Pharmacognosy Research

ORIGINAL ARTICLE
Year
: 2015  |  Volume : 7  |  Issue : 4  |  Page : 385--392

Oleanolic acid prevents increase in blood pressure and nephrotoxicity in nitric oxide dependent type of hypertension in rats


Sagar S Bachhav, Mukesh S Bhutada, Sachin P Patil, Kinjal S Sharma, Savita D Patil 
 Department of Pharmacology, R. C. Patel Institute of Pharmaceutical Education and Research, Shirpur, Dhule, Maharashtra, India

Correspondence Address:
Savita D Patil
Department of Pharmacology, R. C. Patel Institute of Pharmaceutical Education and Research, Near Karwand Naka, Shirpur, Dhule - 425 405, Maharashtra
India

Background: Recently, we have reported antihypertensive activity of oleanolic acid (OA) in glucocorticoid-induced hypertension with restoration of nitric oxide (NO) level. However, the involvement of NO-releasing action of OA was unclear. Objective: To explore antihypertensive activity of OA in Nw-nitro-L-arginine methyl ester (L-NAME) hypertensive rats wherein NO is completely blocked, which would allow exploring the possibility of involvement of NO-releasing action of OA. Materials and Methods: Five groups of rats were investigated as normal control, L-NAME (40 mg/kg/day), L-NAME + enalapril (15 mg/kg/day), L-NAME + l-arginine (100 mg/kg/day), and L-NAME + OA (60 mg/kg/day) for 4 weeks. The systolic blood pressure, body weight, and heart rate were measured weekly for 4 weeks. Serum nitrate/nitrite (NOx) level, urine electrolytes concentration, cardiac mass index, and serum creatinine level were determined followed by organ histopathology. Results: OA and enalapril delayed the rise in blood pleasure following L-NAME administration. Decreased serum NOx level was not significantly increased with any of the treatment. OA produced a small, though nonsignificant, increase in the NOx level. L-NAME administration did not affect cardiac mass index. There was an increase in serum creatinine upon L-NAME administration which was prevented by OA. Decreased urine volume, urine sodium and potassium were reversed by OA. Conclusion: These results suggest that the antihypertensive effect of OA in L-NAME hypertension is due to diuresis and nephroprotection. However, OA has nonsignificantly affected the NO levels.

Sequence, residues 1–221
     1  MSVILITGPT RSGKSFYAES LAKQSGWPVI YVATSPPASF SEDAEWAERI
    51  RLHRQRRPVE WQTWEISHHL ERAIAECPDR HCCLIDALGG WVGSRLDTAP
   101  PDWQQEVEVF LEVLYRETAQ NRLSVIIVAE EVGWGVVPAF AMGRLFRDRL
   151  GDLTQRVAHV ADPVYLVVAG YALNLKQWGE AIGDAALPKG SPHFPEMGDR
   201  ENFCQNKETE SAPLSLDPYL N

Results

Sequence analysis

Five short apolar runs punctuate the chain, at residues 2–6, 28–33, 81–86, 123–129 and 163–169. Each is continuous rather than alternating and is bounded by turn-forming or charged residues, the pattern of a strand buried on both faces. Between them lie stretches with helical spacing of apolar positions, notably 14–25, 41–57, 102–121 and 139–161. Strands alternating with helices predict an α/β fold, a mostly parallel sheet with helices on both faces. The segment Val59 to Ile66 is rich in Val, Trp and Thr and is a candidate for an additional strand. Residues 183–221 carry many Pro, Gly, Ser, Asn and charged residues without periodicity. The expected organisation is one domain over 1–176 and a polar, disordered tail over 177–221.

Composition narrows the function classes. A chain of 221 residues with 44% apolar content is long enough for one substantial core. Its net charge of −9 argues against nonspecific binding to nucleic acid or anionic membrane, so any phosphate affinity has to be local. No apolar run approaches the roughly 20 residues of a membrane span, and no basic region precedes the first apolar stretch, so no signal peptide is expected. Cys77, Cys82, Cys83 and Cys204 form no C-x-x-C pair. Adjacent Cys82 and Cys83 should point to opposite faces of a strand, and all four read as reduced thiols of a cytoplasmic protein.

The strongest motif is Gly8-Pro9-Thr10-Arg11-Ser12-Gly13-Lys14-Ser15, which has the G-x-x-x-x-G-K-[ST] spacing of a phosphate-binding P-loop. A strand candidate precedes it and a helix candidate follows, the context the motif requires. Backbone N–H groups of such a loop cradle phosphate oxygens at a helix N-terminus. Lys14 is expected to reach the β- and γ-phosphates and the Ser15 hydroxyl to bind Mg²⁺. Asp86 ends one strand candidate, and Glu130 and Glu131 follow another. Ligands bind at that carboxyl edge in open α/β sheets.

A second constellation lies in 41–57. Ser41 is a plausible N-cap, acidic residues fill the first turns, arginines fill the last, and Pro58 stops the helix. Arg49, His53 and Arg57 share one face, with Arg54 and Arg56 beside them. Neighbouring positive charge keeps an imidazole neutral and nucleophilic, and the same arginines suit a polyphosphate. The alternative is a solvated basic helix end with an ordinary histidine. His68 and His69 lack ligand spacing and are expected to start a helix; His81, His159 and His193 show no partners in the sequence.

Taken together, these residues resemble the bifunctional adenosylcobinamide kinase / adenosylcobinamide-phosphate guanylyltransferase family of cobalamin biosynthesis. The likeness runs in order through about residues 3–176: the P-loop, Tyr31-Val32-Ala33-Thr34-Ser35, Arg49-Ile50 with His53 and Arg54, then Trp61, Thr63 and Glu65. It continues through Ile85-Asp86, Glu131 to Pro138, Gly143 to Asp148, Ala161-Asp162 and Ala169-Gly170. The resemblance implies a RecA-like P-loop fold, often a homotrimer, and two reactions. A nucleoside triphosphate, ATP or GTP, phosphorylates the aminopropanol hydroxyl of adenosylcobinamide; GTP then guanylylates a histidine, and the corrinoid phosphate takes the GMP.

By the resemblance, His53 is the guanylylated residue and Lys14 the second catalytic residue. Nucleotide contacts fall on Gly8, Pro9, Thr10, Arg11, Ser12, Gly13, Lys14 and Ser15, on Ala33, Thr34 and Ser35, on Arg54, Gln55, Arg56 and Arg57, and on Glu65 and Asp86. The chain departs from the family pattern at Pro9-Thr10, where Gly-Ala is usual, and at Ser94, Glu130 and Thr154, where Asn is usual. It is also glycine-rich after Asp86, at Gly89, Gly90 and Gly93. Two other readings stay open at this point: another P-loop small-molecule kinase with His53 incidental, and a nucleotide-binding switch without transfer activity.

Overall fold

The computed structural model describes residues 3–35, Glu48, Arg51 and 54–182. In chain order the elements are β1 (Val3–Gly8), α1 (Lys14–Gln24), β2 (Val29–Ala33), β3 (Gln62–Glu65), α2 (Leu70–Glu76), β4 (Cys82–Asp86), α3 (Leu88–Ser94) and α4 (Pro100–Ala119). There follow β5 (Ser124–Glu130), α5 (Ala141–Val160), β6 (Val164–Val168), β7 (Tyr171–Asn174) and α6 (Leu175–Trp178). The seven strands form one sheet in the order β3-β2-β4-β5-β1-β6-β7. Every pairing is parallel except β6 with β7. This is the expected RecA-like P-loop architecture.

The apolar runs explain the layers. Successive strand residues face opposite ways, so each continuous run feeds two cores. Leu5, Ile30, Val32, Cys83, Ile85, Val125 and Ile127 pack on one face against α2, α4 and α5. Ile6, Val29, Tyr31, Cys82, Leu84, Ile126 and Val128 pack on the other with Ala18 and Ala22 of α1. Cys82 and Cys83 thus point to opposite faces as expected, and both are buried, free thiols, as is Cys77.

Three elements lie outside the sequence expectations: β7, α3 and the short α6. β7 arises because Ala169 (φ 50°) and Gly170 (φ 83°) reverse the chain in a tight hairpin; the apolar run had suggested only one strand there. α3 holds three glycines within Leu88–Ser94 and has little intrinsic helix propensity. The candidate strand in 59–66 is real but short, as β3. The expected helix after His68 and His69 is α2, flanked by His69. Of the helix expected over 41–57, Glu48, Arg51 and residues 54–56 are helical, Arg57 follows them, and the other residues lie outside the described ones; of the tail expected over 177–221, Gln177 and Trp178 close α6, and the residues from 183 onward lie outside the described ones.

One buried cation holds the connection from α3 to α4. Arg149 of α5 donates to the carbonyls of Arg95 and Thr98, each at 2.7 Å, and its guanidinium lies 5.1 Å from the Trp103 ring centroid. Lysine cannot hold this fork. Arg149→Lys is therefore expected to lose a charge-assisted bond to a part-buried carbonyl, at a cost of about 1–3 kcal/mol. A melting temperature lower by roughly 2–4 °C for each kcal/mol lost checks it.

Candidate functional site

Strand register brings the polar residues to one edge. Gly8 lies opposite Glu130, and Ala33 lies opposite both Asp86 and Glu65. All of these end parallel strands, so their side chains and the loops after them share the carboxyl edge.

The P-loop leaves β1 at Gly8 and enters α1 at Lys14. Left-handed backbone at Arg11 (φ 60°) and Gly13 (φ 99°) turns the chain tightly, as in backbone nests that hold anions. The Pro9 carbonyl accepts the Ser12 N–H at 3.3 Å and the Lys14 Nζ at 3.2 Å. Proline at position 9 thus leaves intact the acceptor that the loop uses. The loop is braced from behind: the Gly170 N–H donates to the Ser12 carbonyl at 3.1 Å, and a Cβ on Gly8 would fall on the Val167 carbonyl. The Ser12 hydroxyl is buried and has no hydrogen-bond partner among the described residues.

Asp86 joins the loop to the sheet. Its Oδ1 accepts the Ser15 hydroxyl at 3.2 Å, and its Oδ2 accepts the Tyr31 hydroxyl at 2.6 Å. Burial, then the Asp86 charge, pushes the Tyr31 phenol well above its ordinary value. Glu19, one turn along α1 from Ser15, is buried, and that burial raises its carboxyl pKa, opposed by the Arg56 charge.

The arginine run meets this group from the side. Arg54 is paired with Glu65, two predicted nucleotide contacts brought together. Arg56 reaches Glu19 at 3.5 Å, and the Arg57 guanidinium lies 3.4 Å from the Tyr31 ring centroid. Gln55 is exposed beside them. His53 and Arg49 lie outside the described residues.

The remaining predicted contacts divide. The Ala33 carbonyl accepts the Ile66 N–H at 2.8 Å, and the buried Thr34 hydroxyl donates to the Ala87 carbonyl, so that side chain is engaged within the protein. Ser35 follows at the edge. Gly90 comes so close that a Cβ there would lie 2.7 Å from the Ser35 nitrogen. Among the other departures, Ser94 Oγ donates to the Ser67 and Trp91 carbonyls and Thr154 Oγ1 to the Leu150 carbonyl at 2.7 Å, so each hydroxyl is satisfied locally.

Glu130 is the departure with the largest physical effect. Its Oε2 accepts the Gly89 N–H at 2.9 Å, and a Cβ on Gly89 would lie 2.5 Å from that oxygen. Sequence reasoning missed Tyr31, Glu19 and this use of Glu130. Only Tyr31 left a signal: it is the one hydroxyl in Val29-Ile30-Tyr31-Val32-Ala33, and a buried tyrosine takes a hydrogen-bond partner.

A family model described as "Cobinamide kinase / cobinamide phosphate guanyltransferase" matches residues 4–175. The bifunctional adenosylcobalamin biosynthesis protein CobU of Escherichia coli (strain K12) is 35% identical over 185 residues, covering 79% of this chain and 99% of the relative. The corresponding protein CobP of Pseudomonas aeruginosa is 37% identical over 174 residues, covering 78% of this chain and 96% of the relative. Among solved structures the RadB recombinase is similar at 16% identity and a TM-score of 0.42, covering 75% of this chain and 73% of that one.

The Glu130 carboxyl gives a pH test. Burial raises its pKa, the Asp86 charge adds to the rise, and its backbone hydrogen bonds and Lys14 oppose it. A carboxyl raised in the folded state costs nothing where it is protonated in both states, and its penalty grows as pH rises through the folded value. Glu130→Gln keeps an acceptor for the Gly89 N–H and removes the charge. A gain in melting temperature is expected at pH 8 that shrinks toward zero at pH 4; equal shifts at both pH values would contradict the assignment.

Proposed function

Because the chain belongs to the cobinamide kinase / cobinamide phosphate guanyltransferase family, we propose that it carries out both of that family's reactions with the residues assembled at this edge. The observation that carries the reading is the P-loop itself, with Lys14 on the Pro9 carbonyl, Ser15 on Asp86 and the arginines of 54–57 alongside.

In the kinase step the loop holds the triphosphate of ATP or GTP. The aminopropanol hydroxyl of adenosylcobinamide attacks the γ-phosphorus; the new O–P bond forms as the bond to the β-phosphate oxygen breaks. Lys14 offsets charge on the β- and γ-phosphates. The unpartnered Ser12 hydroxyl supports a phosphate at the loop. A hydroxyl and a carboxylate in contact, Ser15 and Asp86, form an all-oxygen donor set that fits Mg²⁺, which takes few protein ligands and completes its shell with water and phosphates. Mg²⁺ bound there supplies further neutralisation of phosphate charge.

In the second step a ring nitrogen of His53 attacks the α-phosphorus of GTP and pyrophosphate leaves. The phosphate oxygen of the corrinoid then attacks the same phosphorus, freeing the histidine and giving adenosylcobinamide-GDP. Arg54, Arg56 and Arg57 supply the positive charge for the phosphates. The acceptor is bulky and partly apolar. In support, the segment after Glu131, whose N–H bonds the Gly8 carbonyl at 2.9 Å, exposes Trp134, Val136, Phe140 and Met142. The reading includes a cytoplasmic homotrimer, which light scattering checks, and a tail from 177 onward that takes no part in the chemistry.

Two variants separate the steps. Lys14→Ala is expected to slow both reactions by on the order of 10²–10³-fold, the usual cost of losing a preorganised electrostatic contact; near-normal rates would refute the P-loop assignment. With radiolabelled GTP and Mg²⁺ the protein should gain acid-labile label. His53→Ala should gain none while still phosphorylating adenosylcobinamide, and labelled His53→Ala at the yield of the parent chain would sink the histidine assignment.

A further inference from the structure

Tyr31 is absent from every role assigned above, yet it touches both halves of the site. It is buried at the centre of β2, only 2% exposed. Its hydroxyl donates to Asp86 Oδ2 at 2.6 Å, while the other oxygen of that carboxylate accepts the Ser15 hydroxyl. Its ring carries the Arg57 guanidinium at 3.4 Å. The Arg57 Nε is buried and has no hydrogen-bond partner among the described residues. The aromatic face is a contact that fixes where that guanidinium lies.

How to cite this article:
Bachhav SS, Bhutada MS, Patil SP, Sharma KS, Patil SD. Oleanolic acid prevents increase in blood pressure and nephrotoxicity in nitric oxide dependent type of hypertension in rats.Phcog Res 2015;7:385-392


How to cite this URL:
Bachhav SS, Bhutada MS, Patil SP, Sharma KS, Patil SD. Oleanolic acid prevents increase in blood pressure and nephrotoxicity in nitric oxide dependent type of hypertension in rats. Phcog Res [serial online] 2015 [cited 2021 May 19 ];7:385-392
Available from: http://www.phcogres.com/article.asp?issn=0974-8490;year=2015;volume=7;issue=4;spage=385;epage=392;aulast=Bachhav;type=0